August 27, 2017 • Child Custody
Ending A Common-Law Marriage In Texas
It is not difficult for a couple to get married in the state of Texas. Marriage license applicants must be at least 16 years old, but those under age 18 must produce a certified copy of their long-form birth certificate issued in the last ten years, and they must obtain judicial or parental consent.
After a couple proves their identities, ages and pays the fee for the marriage license, there is a 72-hour waiting period before a marriage ceremony may be conducted, although some exceptions are allowed, especially for military personnel.
In Dallas County, the cost of a marriage license is $81, and it’s a comparable amount in adjacent jurisdictions.
Both partners must appear in person to obtain a Texas marriage license, which will expire if the marriage ceremony is not conducted within 90 days.
Couples who complete a state-approved marriage education class receive a $60 discount on the cost of their marriage license.
However, you probably will not be surprised to learn that thousands of couples in Texas have decided to skip the marriage license and the wedding ceremony entirely, and many of those couples now have what the law in this state recognizes as a common-law marriage.
How Is A Common Law Marriage Established In Texas?
In Texas, two partners establish a common law marriage by agreeing to live as a married couple and in fact living together as a married couple and then by “holding themselves out” or presenting themselves to others as a married couple.
Establishing bank accounts, renting residences and signing credit applications as a married couple are ways that people “hold themselves out” as a married couple.
Under Texas law, no one under the age of 18 can be considered a partner in a common-law marriage, even if the person under 18 has parental consent to live with a partner in a marriage-like arrangement.
The phrase “common-law marriage” is often used loosely and informally, especially in media and popular culture, but in Texas and 14 other states, the term has a precise legal definition — which varies from state to state.
In this state, a valid and legal common-law marriage is the full legal equivalent of a traditional marriage with a marriage license and a ceremony.
That’s important to know because if partners choose to dissolve a common law marriage in Texas, they will have to obtain a formal legal divorce.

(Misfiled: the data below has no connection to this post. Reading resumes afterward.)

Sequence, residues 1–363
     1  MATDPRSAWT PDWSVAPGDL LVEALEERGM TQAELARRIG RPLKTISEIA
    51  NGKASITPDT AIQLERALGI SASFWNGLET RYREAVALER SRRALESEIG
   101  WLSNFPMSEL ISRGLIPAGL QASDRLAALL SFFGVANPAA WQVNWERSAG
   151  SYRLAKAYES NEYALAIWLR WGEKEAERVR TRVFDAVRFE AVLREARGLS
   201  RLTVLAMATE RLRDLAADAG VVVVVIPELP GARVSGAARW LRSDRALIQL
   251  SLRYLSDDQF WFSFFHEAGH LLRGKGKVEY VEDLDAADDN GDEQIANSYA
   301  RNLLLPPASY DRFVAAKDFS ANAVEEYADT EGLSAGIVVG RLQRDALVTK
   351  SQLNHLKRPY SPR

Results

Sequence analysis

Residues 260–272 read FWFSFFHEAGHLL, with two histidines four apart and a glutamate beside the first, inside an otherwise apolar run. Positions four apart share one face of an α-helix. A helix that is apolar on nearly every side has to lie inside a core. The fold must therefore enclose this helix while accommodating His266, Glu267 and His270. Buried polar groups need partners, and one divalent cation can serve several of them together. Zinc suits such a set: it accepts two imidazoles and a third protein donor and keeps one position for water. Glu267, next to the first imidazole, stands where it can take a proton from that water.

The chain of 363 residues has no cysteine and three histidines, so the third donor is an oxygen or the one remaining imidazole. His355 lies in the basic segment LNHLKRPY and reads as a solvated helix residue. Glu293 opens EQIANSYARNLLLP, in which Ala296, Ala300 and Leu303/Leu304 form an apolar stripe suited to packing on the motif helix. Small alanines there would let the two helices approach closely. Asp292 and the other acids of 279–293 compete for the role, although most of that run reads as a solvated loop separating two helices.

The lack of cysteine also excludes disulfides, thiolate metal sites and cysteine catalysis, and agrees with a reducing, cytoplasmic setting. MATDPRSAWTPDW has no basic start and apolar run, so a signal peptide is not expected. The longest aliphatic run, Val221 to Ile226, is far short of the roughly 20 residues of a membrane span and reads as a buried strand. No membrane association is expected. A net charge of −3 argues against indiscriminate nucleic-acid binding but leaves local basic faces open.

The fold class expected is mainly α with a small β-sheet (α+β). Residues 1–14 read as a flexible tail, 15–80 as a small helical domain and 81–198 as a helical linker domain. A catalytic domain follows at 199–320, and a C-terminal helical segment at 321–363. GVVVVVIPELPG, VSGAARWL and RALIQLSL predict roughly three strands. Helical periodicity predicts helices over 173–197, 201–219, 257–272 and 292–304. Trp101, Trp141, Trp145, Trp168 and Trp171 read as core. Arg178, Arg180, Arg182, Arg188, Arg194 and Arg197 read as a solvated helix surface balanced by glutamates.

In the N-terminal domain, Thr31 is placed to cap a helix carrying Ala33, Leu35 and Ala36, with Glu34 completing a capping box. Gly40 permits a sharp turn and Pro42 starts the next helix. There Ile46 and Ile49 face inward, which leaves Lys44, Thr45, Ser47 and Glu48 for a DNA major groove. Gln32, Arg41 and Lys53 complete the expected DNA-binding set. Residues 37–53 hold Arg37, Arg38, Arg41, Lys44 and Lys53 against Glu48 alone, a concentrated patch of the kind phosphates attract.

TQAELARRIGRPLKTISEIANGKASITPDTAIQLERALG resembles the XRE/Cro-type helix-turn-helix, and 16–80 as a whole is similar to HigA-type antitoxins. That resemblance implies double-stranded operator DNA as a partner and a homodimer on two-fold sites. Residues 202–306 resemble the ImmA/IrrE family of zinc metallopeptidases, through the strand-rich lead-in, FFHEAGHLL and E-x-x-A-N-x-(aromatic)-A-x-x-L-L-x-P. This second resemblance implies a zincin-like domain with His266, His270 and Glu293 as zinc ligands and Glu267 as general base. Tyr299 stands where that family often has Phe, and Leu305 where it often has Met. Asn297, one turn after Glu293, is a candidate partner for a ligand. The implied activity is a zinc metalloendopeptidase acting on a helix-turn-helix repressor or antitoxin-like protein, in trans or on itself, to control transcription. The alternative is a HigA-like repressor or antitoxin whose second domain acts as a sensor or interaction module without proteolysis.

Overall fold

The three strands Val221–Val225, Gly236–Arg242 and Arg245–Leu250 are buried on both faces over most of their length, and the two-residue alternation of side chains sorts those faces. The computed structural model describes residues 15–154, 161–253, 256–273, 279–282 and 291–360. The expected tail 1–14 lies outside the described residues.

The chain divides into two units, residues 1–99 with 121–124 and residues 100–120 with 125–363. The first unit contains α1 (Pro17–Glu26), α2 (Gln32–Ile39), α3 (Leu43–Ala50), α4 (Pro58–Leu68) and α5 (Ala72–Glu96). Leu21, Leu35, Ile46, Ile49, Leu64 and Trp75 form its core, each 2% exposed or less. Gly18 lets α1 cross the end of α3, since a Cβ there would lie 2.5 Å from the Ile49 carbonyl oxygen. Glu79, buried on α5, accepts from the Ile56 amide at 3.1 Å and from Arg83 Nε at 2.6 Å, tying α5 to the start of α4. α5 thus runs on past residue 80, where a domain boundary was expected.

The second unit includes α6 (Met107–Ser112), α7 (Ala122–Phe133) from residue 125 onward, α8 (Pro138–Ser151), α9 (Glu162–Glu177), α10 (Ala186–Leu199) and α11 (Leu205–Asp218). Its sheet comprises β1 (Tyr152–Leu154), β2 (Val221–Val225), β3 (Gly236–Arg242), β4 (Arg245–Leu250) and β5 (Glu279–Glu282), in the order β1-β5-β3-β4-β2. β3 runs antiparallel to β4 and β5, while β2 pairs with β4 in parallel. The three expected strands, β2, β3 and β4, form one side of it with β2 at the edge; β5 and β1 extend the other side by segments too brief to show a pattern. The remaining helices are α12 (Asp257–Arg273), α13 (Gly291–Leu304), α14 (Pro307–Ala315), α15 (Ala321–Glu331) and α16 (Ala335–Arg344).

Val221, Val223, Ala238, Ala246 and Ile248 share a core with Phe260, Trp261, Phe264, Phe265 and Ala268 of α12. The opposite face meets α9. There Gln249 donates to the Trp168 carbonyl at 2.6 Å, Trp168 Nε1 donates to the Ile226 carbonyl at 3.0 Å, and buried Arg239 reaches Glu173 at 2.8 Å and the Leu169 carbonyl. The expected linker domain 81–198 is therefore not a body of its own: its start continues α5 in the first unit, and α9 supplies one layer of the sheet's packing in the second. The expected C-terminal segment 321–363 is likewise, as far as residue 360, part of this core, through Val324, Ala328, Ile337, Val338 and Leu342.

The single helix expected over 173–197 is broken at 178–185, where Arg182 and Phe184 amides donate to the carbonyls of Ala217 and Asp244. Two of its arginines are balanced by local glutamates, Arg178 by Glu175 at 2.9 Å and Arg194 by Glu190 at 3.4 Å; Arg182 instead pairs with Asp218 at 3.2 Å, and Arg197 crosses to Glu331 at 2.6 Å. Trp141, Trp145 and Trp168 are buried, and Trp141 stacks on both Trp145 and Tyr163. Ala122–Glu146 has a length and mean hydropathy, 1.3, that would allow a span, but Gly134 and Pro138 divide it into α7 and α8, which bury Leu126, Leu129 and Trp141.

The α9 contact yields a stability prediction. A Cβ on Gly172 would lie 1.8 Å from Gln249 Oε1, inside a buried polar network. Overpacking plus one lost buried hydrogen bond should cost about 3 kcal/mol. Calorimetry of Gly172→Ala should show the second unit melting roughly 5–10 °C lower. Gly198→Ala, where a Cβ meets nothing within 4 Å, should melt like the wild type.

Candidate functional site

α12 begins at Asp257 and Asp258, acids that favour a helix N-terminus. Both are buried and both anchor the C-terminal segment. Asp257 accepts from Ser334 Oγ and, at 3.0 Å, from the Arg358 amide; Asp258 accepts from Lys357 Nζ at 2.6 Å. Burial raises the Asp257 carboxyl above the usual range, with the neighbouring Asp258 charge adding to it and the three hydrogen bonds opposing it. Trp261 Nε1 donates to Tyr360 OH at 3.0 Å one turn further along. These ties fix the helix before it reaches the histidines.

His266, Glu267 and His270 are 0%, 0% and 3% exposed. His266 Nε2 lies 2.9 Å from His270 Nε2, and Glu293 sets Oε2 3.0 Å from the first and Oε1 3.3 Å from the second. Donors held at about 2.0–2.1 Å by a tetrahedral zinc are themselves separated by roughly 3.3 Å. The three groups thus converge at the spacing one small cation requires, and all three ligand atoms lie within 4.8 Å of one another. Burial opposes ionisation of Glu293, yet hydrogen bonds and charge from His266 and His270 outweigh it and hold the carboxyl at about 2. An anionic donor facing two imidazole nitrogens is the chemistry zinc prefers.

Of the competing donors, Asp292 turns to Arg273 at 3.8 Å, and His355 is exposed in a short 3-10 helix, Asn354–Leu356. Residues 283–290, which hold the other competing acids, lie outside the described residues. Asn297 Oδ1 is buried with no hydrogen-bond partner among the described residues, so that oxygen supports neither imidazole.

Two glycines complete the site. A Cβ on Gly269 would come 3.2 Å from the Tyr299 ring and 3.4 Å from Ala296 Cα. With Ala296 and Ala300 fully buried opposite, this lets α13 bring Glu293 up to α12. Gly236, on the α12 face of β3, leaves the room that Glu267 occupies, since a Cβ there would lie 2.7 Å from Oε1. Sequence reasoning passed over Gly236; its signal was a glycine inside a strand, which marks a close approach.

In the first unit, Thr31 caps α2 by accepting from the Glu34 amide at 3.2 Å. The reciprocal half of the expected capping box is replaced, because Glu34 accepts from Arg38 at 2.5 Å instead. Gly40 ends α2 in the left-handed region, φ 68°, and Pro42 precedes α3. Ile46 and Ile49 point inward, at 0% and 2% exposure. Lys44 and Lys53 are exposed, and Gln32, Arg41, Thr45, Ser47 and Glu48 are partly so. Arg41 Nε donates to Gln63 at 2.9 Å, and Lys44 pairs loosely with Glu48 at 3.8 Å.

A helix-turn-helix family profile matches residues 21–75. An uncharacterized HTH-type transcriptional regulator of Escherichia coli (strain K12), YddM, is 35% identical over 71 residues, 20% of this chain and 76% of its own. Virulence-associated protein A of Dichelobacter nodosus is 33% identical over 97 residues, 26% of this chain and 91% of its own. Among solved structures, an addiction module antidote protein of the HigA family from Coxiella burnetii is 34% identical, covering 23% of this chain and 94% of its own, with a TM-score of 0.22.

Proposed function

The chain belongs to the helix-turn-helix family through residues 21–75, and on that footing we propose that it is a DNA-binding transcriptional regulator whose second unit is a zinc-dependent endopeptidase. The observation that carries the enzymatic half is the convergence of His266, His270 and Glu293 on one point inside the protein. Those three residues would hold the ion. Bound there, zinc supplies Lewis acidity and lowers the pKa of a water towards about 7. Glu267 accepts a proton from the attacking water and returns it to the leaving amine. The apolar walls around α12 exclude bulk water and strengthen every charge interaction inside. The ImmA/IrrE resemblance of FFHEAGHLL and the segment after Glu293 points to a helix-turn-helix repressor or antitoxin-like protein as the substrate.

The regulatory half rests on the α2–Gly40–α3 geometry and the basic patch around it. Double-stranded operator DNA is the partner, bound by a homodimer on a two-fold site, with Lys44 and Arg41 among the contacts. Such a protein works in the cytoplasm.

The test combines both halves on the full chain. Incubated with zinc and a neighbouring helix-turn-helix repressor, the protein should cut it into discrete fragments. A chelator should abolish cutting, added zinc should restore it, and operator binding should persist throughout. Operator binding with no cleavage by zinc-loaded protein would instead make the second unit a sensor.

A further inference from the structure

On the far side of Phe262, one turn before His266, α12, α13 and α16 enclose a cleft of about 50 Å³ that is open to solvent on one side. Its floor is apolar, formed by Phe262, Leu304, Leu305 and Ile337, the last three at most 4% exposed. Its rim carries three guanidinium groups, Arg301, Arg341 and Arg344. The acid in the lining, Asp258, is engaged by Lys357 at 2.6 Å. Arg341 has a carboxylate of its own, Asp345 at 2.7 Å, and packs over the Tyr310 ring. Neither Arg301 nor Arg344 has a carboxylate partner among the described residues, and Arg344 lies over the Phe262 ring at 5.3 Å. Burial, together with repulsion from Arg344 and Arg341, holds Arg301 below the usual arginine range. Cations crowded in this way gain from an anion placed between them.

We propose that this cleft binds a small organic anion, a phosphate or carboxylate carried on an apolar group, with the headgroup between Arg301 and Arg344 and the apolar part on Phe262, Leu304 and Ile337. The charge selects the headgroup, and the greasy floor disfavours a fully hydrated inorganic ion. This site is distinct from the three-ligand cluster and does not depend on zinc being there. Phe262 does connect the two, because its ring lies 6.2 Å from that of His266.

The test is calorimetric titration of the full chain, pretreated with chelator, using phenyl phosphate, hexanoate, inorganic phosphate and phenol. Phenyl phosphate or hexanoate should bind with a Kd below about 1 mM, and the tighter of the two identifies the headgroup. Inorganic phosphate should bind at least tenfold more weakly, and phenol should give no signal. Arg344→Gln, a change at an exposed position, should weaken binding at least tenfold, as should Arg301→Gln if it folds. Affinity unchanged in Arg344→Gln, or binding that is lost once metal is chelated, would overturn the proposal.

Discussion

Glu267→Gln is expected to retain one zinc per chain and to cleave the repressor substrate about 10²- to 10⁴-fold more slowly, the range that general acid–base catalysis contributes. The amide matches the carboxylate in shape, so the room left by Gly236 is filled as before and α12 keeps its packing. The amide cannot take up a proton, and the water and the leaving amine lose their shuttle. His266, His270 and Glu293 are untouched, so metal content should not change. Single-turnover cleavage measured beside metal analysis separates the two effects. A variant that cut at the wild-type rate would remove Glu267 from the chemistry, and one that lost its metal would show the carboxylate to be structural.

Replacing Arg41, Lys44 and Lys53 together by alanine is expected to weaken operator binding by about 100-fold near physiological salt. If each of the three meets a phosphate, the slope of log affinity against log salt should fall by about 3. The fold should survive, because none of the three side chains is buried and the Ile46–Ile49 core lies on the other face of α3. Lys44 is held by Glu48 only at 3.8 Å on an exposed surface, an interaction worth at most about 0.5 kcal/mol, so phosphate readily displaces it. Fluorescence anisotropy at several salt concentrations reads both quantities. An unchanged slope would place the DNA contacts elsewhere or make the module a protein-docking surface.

If you are getting a divorce or considering a divorce in the Dallas-Fort Worth area — whether or not you were married with a license and a ceremony — it is imperative to have the advice and legal services of an experienced Dallas divorce attorney from the very beginning of the divorce process.
A common-law divorce can be just as acrimonious as any other divorce and even more legally complicated.
What Makes A Common Law Divorce Different?
What can make a common-law divorce more complicated in Texas is that before you can divorce a common-law spouse, you’ll have to prove that you were actually married.
You may need a lawyer’s help. In Texas, it is the spouse who files the divorce papers is the one who must prove that a legal marriage has existed.
In a no-fault divorce, no blame or fault has to be assigned to anyone.
A no-fault divorce is granted in Texas when a marriage is deemed “insupportable due to conflict between the parties and that there is no reasonable expectation of reconciliation.”
If you make the choice to divorce, let a good Dallas divorce attorney discuss your circumstances and help you decide if you should seek a no-fault divorce or a divorce based on fault.
These are the residency requirements for a Texas divorce: One spouse must have resided in Texas for a minimum of six months immediately prior to filing for divorce and that partner must reside in the county where the papers are filed for a minimum of 90 days immediately before filing.
The partner who receives the papers (the “respondent”) has to submit a prompt response or that partner forfeits the right to contest any allegations in the divorce complaint.
What If Common-Law Spouses Are Also Parents?
No divorce is ever easy for anyone, but divorce is always hardest on the children.
When common-law spouses became parents together during a common law marriage in Texas, child custody and child support issues will be a part of their divorce.
When it’s possible, child custody and child support disputes should be resolved through mediation sessions or out-of-court negotiations.
If partners cannot resolve a child custody or child support dispute on their own, a Texas judge will make those decisions.
Parents divorcing in Texas save time and money by developing their own child custody and child support agreements and visitation schedules.
When one parent is ordered by a Texas court to pay child support, the order usually applies until the child either turns age 18 or graduates from high school (whichever happens last) or becomes an emancipated minor.
If a child is disabled, child support payments could be ordered for an even longer period.
Sometimes, the point of dispute in a divorce is not children but property and assets.
In most cases, without regard to whether it’s a ceremonial marriage or a common-law marriage, what is deemed community property is property obtained during the marriage and separate property is the property was acquired by inheritance, gift or owned before the marriage began.
Anyone divorcing in Texas must have an attorney who can ensure the fair and just division of property and assets in a divorce proceeding.
The decision to end a marriage is never easy — even if that marriage didn’t begin with a wedding ceremony and a marriage license.
In a divorce in Texas, there can be plenty of exceptions to the rules and complications in the law.
You must have an attorney with the experience and legal skills to represent you effectively and to ensure that your final divorce settlement is fair, just and appropriate.